Jhulan Goswami’s international career has spanned 19 years, witnessing first-hand the evolution of and revolution in Indian women’s cricket.
But even in the two decades, the drama of the final two overs of the last two One-day Internationals against Australia in the ongoing multi-format series, is one of its kind.
A day after she bowled a last-gasp no-ball (for height) that saw Australia snatch a win from the jaws of defeat, she scored the winning runs to power India’s thrilling win in the final ODI. This after starring with the new ball and staying calm with the old.
At 38 years of age, she was the biggest factor in India ending Australia’s storied 26-match winning streak; for the second time in three days, this time for good. From the double-wicket over in the Powerplay – getting rid of Rachael Haynes and Meg Lanning on a duck (the first bowler to get the Aussie captain for naught twice) to coming at No 9 with the confidence of having played two cameos with the bat already.
The tale of two last overs, the rollercoaster of Goswami’s final two overs, is also the tale of the ODI leg of the India vs Australia series.
Even before the series began, Australia’s record ODI winning streak was being seen as very much in the twilight zone. Team India, for all its internal concerns, rarely fails to rise to the challenge when playing Australia. Moreover, these three matches were a final test for India to figure the team combination and temperament, as the coach had reiterated.
The first match was forgettable, with India taking some time to get off the block in a one-sided demolition job. The second showed just how much gap is there between India and the best of the world, despite the bountiful talent and spunk. India put up a very good score of 274 with almost all moving parts working together, but Australia’s bench strength and depth was too good.
In the third match, India were made to field for the first time, and finally, the collective unit clicked to pull off their highest successful run chase ever.
The third ODI felt like the perfect representation of this Indian women’s cricket team – the one that started Australia’s streak with a 0-3 clean sweep in Vadodara in 2018 and the one that prevented the undisputed best team in the world from reaching the World Cup in 2017. The one that lost the first match by nine wickets within 41 overs and the one that ended the streak with a last-over win.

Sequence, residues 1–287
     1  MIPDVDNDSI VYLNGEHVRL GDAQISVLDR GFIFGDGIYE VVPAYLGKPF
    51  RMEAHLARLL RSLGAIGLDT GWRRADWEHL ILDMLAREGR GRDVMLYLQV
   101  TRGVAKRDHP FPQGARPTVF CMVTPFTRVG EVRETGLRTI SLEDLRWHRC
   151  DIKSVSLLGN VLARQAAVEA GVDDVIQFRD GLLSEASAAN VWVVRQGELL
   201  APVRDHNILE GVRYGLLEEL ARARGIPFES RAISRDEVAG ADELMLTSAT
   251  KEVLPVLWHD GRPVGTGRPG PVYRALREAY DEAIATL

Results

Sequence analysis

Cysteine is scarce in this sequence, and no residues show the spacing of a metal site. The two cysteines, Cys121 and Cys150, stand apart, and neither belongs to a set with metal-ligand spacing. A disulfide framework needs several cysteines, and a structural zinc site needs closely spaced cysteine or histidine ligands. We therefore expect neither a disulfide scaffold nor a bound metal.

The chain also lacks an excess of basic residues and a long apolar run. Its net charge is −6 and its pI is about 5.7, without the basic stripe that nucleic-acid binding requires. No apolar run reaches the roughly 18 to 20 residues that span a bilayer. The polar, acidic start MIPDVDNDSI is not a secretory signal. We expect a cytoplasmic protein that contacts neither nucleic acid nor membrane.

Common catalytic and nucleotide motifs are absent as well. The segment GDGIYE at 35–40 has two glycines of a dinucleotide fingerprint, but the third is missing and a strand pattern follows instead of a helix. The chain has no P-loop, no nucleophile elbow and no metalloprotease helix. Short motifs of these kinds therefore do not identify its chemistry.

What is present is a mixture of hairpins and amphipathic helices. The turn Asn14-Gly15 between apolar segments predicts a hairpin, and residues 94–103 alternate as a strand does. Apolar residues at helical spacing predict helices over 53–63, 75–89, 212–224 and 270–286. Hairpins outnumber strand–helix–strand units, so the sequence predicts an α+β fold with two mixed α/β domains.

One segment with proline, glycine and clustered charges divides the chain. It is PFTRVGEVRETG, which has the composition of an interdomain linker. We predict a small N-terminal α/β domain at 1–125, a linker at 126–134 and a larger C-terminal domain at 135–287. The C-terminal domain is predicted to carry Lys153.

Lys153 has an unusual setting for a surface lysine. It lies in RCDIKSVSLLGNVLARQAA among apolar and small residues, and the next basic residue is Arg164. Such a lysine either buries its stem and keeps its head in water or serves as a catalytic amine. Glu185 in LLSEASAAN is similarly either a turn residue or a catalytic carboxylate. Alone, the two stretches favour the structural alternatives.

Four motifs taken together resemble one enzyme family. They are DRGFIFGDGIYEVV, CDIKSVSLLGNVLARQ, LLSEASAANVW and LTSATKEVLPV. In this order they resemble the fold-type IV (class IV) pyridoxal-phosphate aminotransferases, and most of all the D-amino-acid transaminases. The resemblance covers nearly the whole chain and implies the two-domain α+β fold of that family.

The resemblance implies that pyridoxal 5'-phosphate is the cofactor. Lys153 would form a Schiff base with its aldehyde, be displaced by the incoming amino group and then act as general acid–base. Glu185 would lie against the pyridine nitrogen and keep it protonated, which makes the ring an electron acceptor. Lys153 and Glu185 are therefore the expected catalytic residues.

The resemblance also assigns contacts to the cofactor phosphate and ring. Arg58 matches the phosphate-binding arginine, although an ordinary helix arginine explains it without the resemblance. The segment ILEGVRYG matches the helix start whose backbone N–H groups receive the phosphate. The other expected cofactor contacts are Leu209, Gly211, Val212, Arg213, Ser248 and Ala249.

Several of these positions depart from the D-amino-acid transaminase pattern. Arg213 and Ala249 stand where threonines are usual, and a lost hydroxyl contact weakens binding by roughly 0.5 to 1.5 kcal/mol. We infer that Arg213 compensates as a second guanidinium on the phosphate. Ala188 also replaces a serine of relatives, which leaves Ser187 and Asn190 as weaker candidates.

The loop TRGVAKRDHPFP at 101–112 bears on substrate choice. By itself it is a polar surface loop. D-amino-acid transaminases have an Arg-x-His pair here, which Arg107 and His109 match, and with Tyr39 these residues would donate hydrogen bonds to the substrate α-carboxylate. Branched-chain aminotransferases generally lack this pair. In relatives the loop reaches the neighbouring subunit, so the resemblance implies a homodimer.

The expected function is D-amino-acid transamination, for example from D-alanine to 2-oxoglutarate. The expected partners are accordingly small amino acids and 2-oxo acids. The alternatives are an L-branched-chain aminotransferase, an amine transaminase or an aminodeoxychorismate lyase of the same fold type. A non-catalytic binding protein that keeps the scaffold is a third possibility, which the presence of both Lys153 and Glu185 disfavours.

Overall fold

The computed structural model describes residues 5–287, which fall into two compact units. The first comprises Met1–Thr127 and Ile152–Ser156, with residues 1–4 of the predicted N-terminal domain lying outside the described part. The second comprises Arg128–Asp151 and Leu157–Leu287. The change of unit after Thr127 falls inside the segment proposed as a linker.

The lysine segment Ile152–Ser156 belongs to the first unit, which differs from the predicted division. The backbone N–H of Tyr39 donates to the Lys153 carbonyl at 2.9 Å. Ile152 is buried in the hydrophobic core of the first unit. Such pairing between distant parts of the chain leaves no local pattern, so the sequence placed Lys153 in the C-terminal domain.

This duality of the Indian women’s team shone through on Sunday, in a match that had all the elements of what makes this unit so compelling to watch, with all the ups and downs. In other words, the thrilling win was a reminder of both their strength and weaknesses.
A wonderful opening spell from Jhulan Goswami, adding to the tally of the highest wicket-taker in ODI cricket.
Actual support for the veteran from series debutante Meghna Singh, the latest entrant in the pacers musical chairs India has been playing.
Spinners managing to apply pressure but still not at finding the peak that once made them so lethal.
Misfields, many misfields and more misery on the field as close to eight catches were dropped and several chances went abegging.
A batting effort lead by youth as the seniors struggled. Shafali Verma being the senior partner with a restrained knock and newcomer Yastika Bhatia, solving the No 3 conundrum, scoring their first ODI half-centuries.
Richa Ghosh, getting a debut and a top-order promotion despite not being the best keeper in the squad, for the value she adds with power-hitting.
A gamble taken with a dynamic and rather inexperienced middle-order paying off with a late cameo from Sneh Rana, who was dropped in the last match to get a more diverse spin attack.
The third ODI was thus both a cause of great celebration and a reminder of India’s glaring problem areas. It was a look at how a collective effort can make India a threat to any team in world cricket as well as just how much they lack in consistency.
If this team can beat Australia at home despite so many missteps and momentum shifts, imagine what they could achieve when they get their basics right more often. Fielding, running between the wickets, building partnerships with bat and ball... these are areas that can be worked on in camps and backrooms now that the dramatic second and third ODI results have injected the much-needed fuel in India’s tank of confidence and exposure. It has highlighted that this team is capable of big feats when they get the small moments right even when things don’t seem to go their way, which can be an important reminder for many players.
While the team’s chase prowess and not-at-full-strength Australian bowling unit’s extras papered over some of the cracks, they are still very much there and visible. As last time’s finalists look beyond this series to the 2022 World Cup, this win should add self-belief while making the team more self-aware.
If Mithlai Raj and Ramesh Powar, who had outlined the vision and goals from these final ODIs before the marquee event quite clearly, can find the balance between this self-belief and self-awareness, India will be able to click together a lot more, and often, at the cost of the last-ball dramas that keep the viewers hooked on.